Self disclosure: Friend or foe?

Over and over again, you hear the comment that having depression or feeling depressed makes you “weak”. As a nurse, one of the things you are taught, or one of the “rules” you are meant to abide by, is self-disclosure. Self disclosing information about yourself to your patients can be seen as a boundary crossing or violation. In some cases, I agree, yes it can, especially when you are using the information to gain sympathy or to gain something from the patient. However, I think when disclosing certain information to a patient to gain trust or develop rapport, when you think the information will benefit the patient, than I see no harm.

Empathy, empathy, empathy! We are taught and told repetitively, we are not to have sympathy for our patient’s, but we are to have empathy. What is the definition of empathy? – The ability to understand and share the feelings of another. Please tell me, to what degree are we supposed to understand the feelings of somebody with a mental illness, unless we have experienced it ourselves? How are we supposed to share these feelings, if we are not meant to self disclose?

I’ve often found, that sharing a small excerpt of my life with a patient in need, does a world of good. Do I share with everybody? No, of course not. But as a nurse, a woman, a human – you know who you can, and cannot share personal experiences with. But let me tell you, for all of the patient’s I have nursed, whom I’ve been able to share “I’m dealing with depression myself” – their eyes light up. Most of them look at me, and ask in wonder “but how?” “How do you have that, and work here?” My favourite question…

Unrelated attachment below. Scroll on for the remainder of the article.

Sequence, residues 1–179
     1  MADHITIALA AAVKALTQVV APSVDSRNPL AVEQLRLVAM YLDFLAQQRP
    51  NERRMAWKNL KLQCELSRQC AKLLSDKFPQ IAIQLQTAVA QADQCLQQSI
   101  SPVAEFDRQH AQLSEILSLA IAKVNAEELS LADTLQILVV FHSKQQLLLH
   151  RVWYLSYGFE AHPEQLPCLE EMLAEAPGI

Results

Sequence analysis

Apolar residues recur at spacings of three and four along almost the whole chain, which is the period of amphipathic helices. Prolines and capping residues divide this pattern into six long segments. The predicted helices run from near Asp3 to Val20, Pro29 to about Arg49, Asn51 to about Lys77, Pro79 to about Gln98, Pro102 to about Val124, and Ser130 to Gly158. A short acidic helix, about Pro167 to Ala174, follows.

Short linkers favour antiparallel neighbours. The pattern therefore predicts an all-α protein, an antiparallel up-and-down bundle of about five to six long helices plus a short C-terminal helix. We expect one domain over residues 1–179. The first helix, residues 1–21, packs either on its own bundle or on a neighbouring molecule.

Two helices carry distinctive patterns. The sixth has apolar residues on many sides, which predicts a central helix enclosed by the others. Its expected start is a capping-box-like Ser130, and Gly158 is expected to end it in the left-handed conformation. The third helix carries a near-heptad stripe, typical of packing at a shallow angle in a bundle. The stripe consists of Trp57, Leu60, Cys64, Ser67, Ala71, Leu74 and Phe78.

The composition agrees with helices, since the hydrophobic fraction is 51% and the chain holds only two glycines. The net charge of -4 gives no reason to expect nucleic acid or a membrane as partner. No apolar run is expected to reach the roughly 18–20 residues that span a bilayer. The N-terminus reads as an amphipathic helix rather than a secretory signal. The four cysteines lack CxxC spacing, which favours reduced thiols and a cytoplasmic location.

When I was a teenager, going through high school, one of my best friends was diagnosed with depression. Admittedly, and regrettably – I was one of those people who thought depression didn’t exist, it was in fact all in your head, and I even thought that awful, dreaded phrase “just get over it.” I hate the fact that I suffer from depression, but I have never been so humbled, or thankful, I that I completely understand where some of my patient’s are coming from. I know exactly, to the bone, of what it feels like to not want to get out of bed, to not see the point, to just have that, “I don’t want to do it anymore” feeling. Also, one of my most common responses is, “I get to come to work for 8 hours and focus on you, not me.”

I’m not ashamed to have depression. Depression has helped me so much in becoming a more empathetic nurse, a more empathetic being in society. So, I guess it’s true what they say….. every cloud has a silver lining.

“Without rain, nothing grows. Learn to embrace the storms of your life”.

NurseyD

 

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